As for the V-16 layout, the only postwar 16-cylinder engines offered for production cars were the short-lived Cizeta-Moroder V16T, sold in tiny numbers in the early 1990s, and the Bugatti Veyron’s 7,993 cc (488 cu. in.), turbocharged W16. Cadillac built a 16-cylinder concept engine for its 2003 Cadillac Sixteen show car, but it was not intended for production and, with rising fuel economy and carbon dioxide emissions standards, it’s unlikely Cadillac will ever build anything like it again.

In strictly practical terms, the Cadillac V-12s and V-16s were absurd even in their time, but they’re magnificent cars in every respect, acclaimed as genuine Classics. Survivors are prized collector’s items today, commanding very high prices that can top $300,000 at sale or auction. Just as it was in 1930, that’s enough to buy a nice house in some parts of the U.S. — a king’s ransom for a decidedly regal car.



Our sources for these articles included Dennis Adler, Speed and Luxury: The Great Cars (Oceola, WI: MBI Publishing Company, 1997), pp. 58-63; the Auto Editors of Consumer Guide, Encyclopedia of American Cars: Over 65 Years of Automotive History (Lincolnwood, IL: Publications International, 1996); John Barach’s Cadillac History site (1999-2008, Motorera, www.motorera. com/ cadillac/index.htm, accessed 5 December 2008); Arch Brown, “Regal Ragtop: 1935 Cadillac V-12 Fleetwood Convertible Sedan,” reprinted in The Hemmings Motor News Book of Cadillacs: driveReports from Hemmings Special Interest Autos magazine, eds. Terry Ehrich and Richard Lentinello (Bennington, VT: Hemmings Motor News, 2000), and “SIA comparisonReport: Battle of the Behemoths: Cadillac V-16 versus Marmon V-16,” Special Interest Autos #106 (July-August 1988), pp. 24-31, 59-60; Arch Brown, Richard Langworth, and the Auto Editors of Consumer Guide, Great Cars of the 20th Century (Lincolnwood, IL: Publications International, Ltd., 1998); John Steele Gordon, “The Man Who Saved the Cadillac,” American Heritage, 20 July 1995, www.americanheritage. com, accessed 5 December 2008; Maurice D. Hendry and Dave Holls, Cadillac: Standard of the World: The Complete History, Fourth ed. (Princeton, NJ: Automobile Quarterly, 1990); Beverly Rae Kimes, ed., Standard Catalog of American Cars 1805-1942, Second ed. (Iola, WI: Krause Publications, Inc., 1989); Wilfred Leland, Master of Precision (Chicago, IL: Wayne State University Press, 1996); Samuel B. Malin, “The Cadillac V-16—Some Notes on Its Design,” The Michigan Technic Vol. 43, No. 4 (January 1930), pp. 10, 40, 48; Alan Merkel, “Where Did All the Sixteens Go?” Special Interest Autos #106 (July-August 1988), pp. 32-35, 64; Yann Saunders’ Cadillac Database (2001, com/ yann/Dbas_txt/indx2001.htm [now www.cadillacdatabase. com], accessed 4 December 2008) and Glossary of Terms, 12 December 1999, com/ yann/Dbas_txt/Fact_ndx.htm [now www.cadillacdatabase. com], accessed 17 January 2000); Norman F. Uhlir, “History of the Cadillac V-16 1930-1940,” Motor Trend January 1965, pp. 78-83; Rob Wagner, Classic Cars (New York: MetroBooks, 1996), pp. 20-28; and Richard Wright, “Industry History Chapter 10,” The Auto Channel, 1996, www.theautochannel. com, accessed 5 December 2008).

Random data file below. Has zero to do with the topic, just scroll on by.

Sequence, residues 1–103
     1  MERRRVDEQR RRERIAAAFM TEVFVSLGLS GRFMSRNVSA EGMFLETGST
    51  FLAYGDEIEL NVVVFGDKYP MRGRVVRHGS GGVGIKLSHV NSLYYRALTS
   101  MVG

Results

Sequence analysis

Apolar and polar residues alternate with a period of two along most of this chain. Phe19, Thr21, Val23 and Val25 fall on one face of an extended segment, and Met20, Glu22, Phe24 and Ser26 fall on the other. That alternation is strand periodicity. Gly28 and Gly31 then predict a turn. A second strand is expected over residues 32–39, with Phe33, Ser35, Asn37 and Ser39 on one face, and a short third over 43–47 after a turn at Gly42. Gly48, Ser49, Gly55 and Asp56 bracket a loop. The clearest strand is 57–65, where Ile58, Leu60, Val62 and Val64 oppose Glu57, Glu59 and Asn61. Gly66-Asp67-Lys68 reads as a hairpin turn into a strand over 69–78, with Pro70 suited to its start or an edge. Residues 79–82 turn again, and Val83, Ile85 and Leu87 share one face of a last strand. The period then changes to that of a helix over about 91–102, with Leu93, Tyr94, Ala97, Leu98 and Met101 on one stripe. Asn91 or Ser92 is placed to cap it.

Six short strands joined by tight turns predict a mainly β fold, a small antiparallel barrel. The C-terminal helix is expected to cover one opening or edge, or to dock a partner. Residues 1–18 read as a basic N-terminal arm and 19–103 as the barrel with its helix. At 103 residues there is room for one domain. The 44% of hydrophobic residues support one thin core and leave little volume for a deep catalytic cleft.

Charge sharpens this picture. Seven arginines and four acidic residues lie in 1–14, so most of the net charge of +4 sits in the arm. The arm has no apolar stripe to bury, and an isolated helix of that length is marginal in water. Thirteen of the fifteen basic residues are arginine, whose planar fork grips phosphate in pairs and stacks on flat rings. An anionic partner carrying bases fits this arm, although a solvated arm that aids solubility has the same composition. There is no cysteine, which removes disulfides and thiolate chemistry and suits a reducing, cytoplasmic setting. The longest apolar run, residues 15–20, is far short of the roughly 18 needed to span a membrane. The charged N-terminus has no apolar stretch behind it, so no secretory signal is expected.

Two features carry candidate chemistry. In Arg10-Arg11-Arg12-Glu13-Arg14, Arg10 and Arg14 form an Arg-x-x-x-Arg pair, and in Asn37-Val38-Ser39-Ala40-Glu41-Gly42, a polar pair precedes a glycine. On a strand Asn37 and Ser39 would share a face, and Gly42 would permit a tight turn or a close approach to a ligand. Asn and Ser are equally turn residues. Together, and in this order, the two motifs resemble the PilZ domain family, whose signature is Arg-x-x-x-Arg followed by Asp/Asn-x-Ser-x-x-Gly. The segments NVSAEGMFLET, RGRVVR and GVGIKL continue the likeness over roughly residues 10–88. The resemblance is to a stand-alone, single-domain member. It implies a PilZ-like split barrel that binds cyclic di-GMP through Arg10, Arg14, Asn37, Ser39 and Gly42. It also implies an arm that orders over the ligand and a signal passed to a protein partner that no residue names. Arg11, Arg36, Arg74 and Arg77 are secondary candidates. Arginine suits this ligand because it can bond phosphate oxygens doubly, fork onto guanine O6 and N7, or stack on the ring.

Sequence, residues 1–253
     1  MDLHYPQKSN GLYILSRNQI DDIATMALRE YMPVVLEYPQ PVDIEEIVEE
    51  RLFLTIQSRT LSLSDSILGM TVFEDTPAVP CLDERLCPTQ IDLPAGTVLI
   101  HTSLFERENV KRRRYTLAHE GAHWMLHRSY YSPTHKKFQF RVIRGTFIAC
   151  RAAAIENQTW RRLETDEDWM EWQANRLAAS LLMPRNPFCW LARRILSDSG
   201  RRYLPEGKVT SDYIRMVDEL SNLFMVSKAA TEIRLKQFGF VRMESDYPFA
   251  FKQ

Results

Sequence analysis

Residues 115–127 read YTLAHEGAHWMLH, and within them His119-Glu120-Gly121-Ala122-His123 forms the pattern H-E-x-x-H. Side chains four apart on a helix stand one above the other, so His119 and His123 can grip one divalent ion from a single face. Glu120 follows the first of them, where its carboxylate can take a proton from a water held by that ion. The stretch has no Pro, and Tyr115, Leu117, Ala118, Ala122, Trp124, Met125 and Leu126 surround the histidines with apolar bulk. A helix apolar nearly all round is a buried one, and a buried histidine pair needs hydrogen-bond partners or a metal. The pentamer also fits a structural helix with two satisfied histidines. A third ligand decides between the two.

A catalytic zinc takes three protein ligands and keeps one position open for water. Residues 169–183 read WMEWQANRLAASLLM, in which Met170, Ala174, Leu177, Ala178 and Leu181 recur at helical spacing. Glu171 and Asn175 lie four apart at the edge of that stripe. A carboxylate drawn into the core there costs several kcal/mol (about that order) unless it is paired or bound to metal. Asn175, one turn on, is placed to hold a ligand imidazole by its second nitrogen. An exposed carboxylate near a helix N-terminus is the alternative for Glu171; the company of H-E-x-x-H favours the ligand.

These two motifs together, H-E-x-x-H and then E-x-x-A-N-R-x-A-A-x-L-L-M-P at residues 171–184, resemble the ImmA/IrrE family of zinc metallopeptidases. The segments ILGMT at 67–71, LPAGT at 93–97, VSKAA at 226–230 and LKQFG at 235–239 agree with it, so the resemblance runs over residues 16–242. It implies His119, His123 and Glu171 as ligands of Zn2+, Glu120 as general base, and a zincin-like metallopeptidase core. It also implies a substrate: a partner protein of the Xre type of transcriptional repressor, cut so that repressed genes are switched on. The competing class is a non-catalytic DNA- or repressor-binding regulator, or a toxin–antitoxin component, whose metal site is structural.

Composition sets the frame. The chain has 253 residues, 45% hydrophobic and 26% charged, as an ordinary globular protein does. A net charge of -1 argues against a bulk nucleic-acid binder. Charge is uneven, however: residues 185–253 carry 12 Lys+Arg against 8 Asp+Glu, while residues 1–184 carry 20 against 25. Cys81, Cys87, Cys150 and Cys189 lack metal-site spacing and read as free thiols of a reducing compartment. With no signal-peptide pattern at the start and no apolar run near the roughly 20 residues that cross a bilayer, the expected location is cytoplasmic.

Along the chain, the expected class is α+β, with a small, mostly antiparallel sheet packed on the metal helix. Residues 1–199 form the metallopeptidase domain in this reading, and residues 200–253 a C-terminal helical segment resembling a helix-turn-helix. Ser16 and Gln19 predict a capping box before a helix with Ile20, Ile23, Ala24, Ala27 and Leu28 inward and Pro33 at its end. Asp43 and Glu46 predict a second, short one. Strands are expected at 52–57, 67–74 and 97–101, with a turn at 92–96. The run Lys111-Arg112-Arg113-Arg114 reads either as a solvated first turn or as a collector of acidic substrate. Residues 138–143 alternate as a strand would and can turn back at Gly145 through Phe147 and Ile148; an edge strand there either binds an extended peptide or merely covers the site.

Information on Cadillac’s postwar V-16 and V-12 came from the Auto Editors of Consumer Guide, “Great Expectations: Cadillac’s Postwar V-12 and V-16,” Cars That Never Were: The Prototypes (Skokie, IL: Publications International, Ltd. 1981); Roger Huntington, “It makes sense…New V-12 for Cadillac,” Motor Trend Vol. 17, No. 9 (September 1965), pp. 70-71; Richard M. Langworth, “Cadillac’s Colossal Postwar Multi-Cylinders: V-12s and V-16s for the Sixties? Well, maybe…” Special Interest Autos #64 (August 1981), pp. 24-29; Karl Ludvigsen, The V-12 Engine: The Untold Inside Story of the Technology, Evolution, Performance and Impact of All V-12-Engined Cars (Sparkford, Yeovil, Somerset: Haynes Publishing, 2005); and Daniel Strohl, “Success! Cadillac’s OHC V-12 engine photos found,” Hemmings Blog, 14 April 2010, blog.hemmings. com, accessed 19 October 2010.